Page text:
The safety, comfort of the crews, stability, economics of the equipment when ship operating is the leading requirement in the field of designing and manufacturing marine structure and machinery. As a result, all parts of the ships must be tested and inspected to meet the basic safety requirements of the shipping association. The design, manufacture, testing in the maritime field in general and shipbuilding sector in particular are expensive, time consuming: such as aerodynamic experiments of the engine, collision test, ship manoeuvring, vibration test and balance of deck beams, hull beams, hatch covers, shafts...thus experimental works are sometimes impossible. Along with the development of computer science, many numerical models and software programs have been developed to solve these difficult problems. There are many numerical modelling methods, starting with the finite difference method, the boundary element method, the finite element method, the no mesh method, the weight residue or the energy method. The Work will be limited to the analysis of the most popular numerical modelling method - finite element method using Patran and Nastran software. In the first step of our research, T-beam was analysed as a part of ship hull structure (thin-walled structure). The article goes into the analysis of the accuracy of selected numerical models for the natural vibration frequency of the T-beams mounted on the plate. After modelling, calculating the natural frequency of the T-beam using the Patran - Nastran software, the results were compared with the theoretical values. From that, we evaluate the dispersion and error of different numerical models and select the optimal numerical model. Optimal model will be used for modelling full ship hull with superstructure.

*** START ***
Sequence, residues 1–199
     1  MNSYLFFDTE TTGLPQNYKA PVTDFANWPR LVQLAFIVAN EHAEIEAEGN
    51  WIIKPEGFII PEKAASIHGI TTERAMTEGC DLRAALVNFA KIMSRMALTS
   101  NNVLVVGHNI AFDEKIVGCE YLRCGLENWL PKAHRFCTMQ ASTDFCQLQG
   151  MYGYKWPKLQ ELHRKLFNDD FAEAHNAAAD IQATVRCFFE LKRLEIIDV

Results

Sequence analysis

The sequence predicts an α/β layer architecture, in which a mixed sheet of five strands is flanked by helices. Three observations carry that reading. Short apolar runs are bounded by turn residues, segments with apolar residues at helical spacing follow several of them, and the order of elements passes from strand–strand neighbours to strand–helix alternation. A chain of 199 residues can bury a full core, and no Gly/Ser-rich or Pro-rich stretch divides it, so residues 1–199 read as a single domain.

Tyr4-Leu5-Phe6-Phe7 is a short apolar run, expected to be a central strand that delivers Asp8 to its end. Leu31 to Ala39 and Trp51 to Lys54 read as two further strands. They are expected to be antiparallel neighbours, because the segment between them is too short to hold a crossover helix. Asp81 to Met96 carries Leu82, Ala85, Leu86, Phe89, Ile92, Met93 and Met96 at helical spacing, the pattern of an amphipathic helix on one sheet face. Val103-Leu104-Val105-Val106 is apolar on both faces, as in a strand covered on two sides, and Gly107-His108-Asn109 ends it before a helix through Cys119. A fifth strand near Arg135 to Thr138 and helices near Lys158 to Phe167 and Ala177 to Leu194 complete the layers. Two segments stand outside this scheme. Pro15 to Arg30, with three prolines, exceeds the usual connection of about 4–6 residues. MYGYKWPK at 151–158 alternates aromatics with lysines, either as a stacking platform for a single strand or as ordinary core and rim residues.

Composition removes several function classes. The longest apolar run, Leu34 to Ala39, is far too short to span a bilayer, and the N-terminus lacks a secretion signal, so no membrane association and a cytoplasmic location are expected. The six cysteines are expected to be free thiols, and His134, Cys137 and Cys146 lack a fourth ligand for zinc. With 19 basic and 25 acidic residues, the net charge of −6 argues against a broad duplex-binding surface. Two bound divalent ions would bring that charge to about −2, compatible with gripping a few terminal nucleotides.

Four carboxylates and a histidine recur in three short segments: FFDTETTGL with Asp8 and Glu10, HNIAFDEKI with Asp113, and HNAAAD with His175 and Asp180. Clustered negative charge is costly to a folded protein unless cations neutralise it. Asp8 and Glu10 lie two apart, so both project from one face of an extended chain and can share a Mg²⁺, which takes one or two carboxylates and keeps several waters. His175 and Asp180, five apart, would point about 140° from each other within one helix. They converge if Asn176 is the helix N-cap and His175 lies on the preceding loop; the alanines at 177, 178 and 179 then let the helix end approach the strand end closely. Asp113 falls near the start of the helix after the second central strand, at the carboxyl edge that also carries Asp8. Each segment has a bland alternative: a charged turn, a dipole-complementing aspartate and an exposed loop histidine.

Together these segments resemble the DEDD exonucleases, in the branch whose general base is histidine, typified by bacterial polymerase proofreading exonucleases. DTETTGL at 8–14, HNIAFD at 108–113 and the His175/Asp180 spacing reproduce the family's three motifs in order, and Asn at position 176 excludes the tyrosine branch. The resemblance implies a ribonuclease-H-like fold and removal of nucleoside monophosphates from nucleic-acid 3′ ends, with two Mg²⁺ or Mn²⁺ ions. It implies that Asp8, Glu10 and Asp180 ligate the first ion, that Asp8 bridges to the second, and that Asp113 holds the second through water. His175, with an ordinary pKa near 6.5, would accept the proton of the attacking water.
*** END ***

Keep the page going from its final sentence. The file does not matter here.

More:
The history of hybrid vehicles has started between the 19th and the 20th century because then the first project of a hybrid vehicle was constructed. The first man who manufactured a front hub mounted electric propulsion connected with a generator powered by a spark ignition engine was Ferdinand Porsche. This vehicle was called the Lohner-Porsche Electromobile. The first mass-produced hybrid vehicle was the first generation Toyota Prius. The model premiere was in 1996 and the production started one year later. The vehicle was equipped with a 1.5 dcm 58 hp spark ignition engine and with the added electric propulsion. It generated 40 mechanical hp. Since 2000, a 72 hp spark ignition engine and a 44 hp electric generator were mounted. Fuel consumption of this model was 5 litres per 100 km. In the early 2000s, 95% hybrid vehicles were the Toyota Prius. The biggest competitor to the Toyota Prius was the Honda Insight. Lexus and Mercedes started manufacturing hybrid vehicles few years later. The most popular car brands that sell hybrid vehicles are Toyota and Lexus from Toyota Motor Corporation. This article describes an example of diagnostic possibilities for the hybrid vehicle system. The construction of vehicle models that use two propulsion systems (spark ignition engine and electric generator) results in the development and increase in control system devices. The measurements were made using various diagnostic devices, e.g. a diagnostic scanner, mustimeter, megohm-meter and oscilloscope. The reading of fault codes is not enough so it is necessary to use a mustimeter or a megohm-meter to examine the signal characteristics, which is presented in this article.
Paweł Hyla, Agnieszka Kosoń-Schab, Janusz Szpytko and Jarosław Smoczek